It was Jan. 28, 1986.
Before their eyes, the Space Shuttle Challenger exploded, killing teacher Christa McAuliffe and the other six astronauts onboard.
“You could hear a pin drop,” Sr. Catherine recalled.
Later on, one of the children asked her, “If you knew you were going to die, would have gone up in the Challenger?”
“I remember looking back and saying, ‘Yes. God only asks us to do two things in life. The first is to let people love us. My mom and dad, grandma and grandpa, aunts and uncles have all loved me.
“The second,” she continued, “is to love other people. I have loved my dad and mom and grandparents and all of you.”
The children were satisfied: “We’ve done all those things. We’re ready to die, too.”
Sr. Catherine’s spontaneous answer and her students’ response has stayed with her.
“God only asking two things of us: to love and to be loved,” she said. “That’s probably the heart of this whole book — that throughout this whole journey, I was loved and I loved others.”
“Get it done”
Sr. Catherine holds a doctorate in curriculum and instruction.
She was serving as a professor of education at Blackburn College in Illinois when her cancer journey began.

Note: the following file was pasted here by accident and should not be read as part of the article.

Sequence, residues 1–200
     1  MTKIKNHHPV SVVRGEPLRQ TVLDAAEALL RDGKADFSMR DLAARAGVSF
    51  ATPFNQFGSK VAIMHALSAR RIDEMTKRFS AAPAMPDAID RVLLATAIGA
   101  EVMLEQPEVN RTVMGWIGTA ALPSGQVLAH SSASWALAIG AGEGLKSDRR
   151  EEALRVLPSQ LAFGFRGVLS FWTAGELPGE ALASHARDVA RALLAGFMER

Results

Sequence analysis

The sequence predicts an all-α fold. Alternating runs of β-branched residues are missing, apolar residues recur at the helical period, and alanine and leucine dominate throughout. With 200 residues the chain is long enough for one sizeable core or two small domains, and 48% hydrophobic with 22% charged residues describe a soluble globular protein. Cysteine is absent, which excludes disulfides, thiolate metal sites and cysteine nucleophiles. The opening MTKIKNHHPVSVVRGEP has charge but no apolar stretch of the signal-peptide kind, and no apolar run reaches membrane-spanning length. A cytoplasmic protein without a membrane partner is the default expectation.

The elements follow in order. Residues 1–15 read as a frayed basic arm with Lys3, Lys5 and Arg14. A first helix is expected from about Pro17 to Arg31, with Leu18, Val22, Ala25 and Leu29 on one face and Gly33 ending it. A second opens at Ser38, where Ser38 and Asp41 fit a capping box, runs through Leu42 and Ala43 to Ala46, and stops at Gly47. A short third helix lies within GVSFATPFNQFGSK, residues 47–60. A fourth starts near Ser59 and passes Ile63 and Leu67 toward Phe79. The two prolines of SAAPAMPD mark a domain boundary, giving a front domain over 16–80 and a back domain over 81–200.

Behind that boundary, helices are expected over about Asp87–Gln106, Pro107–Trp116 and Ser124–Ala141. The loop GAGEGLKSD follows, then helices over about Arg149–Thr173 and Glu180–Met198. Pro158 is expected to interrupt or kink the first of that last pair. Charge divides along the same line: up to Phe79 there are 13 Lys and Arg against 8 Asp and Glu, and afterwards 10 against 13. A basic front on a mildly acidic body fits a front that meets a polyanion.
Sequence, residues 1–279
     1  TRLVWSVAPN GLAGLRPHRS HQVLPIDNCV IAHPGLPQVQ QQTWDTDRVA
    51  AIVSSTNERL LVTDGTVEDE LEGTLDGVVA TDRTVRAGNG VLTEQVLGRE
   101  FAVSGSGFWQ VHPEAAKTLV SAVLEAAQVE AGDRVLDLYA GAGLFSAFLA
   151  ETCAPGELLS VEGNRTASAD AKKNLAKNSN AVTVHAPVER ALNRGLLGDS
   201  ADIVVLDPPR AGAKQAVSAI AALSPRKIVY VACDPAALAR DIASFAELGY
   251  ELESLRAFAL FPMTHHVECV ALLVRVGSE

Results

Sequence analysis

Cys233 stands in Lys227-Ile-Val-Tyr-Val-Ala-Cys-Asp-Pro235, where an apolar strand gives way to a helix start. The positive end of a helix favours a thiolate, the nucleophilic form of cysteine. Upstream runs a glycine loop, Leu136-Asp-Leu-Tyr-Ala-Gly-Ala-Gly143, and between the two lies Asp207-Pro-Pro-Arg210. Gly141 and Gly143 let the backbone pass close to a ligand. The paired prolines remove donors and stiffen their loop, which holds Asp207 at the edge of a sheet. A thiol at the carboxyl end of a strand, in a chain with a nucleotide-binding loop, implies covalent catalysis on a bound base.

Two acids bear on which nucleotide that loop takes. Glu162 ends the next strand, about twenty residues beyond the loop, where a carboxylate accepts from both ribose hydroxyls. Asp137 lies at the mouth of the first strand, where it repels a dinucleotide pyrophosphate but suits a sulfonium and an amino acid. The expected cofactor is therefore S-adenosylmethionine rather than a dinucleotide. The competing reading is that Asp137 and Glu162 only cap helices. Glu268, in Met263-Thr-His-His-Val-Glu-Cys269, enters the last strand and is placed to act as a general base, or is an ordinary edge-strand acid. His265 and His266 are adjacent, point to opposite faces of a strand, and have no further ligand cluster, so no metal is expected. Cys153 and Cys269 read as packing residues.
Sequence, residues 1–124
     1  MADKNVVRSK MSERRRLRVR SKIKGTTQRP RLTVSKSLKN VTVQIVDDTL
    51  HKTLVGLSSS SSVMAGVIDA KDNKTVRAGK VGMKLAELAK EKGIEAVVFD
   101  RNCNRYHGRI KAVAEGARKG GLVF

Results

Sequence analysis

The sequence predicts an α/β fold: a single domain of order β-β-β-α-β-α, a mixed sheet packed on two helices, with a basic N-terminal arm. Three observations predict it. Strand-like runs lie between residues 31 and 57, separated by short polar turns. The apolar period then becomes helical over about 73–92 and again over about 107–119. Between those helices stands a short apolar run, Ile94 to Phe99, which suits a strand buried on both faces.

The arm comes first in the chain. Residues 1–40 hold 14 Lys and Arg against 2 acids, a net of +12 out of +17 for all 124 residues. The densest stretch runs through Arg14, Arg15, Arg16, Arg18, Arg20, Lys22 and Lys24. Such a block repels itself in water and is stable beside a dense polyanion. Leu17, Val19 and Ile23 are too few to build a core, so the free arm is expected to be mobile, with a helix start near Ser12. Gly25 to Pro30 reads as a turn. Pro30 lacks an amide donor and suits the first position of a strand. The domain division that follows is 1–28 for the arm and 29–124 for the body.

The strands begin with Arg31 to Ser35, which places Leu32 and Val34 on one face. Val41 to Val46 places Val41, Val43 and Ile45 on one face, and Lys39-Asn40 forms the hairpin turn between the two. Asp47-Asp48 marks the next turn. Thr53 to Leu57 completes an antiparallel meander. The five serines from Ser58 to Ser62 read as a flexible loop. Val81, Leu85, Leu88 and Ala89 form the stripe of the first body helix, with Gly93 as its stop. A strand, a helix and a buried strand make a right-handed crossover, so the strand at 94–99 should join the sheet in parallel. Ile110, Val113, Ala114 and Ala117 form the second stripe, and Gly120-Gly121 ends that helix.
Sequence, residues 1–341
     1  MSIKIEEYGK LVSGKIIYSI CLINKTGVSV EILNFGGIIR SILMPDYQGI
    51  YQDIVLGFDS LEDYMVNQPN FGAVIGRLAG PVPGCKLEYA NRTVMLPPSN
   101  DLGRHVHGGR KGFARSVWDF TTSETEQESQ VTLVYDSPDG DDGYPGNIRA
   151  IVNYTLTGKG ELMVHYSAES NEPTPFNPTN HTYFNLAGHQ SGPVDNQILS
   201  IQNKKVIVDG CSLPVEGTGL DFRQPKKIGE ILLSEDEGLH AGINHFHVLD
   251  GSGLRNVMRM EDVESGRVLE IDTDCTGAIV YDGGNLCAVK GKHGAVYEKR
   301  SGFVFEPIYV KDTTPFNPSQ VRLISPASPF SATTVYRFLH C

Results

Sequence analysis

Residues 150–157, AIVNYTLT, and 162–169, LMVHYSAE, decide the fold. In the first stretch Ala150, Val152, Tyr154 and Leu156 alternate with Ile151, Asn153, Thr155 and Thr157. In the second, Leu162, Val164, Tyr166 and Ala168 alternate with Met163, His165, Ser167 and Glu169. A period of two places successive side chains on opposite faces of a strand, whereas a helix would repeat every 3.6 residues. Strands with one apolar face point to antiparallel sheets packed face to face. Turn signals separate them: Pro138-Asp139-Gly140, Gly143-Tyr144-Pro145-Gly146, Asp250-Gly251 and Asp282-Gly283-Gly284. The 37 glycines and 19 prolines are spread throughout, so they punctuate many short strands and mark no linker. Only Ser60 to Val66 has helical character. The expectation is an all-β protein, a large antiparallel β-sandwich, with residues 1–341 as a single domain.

She was already a published author.
She had written Learning Centers: Saints, a collection lessons and activities for teachers to share with their students about holy men and women of the recent and distant past; and Enriching Faith: Lessons and Activities on Prayer, a collection of prayers and activities that can be shared with young people.
After finishing her Rosary manuscript, she sent it to a friend to show how fruitful her retreat had been.
Her friend read it and said, “You have to send this to your publisher!”
“No way!” Sr. Catherine answered. “It’s too personal. There’s way too much of me in it.”
Her friend became persistent and then insistent.
Out of frustration, she finally sent what she had written to her contact at Twenty-Third Publications, which had published her previous two books.
They called back within three hours and said, “We want it. Let’s get it done.”
“So now I had to change my tune and say, ‘Thank you very much,’ but it’s still kind of scary,” she recalled.
“It took some time for me to realize that I needed to let go of my fear and let my cancer journey speak for itself,” she said.
“It turned out to be more than fine,” she stated. “Lots of people have been in contact with me about how much it has helped them.”
“There will be gifts”
While praying the Rosary, Sr. Catherine tends to lose herself in the mysteries of each decade.
“Usually, I get lost in ‘what are the annunciations of today?’ or ‘Who in our world needs to be visited today?’” she said.
She contemplates how the mysteries tie into the headlines or into the lives of people she knows.
“Some of them are revisiting cancer for second or third time,” she noted. “A new ‘annunciation’ in their life is their third round of cancer. What does that look like? What does that feel like?”
She said there’s no sense asking “why” when dealing with cancer.